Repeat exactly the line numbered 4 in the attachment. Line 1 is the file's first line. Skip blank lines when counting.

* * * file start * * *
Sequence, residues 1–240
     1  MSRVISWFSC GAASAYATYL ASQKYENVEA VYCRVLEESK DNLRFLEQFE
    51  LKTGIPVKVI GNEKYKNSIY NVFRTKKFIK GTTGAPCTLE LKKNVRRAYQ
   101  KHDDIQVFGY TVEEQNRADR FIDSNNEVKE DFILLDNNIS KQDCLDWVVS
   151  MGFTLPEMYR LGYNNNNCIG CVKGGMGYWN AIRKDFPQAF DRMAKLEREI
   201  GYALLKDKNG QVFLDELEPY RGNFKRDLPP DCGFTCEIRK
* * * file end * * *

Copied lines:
   101  KHDDIQVFGY TVEEQNRADR FIDSNNEVKE DFILLDNNIS KQDCLDWVVS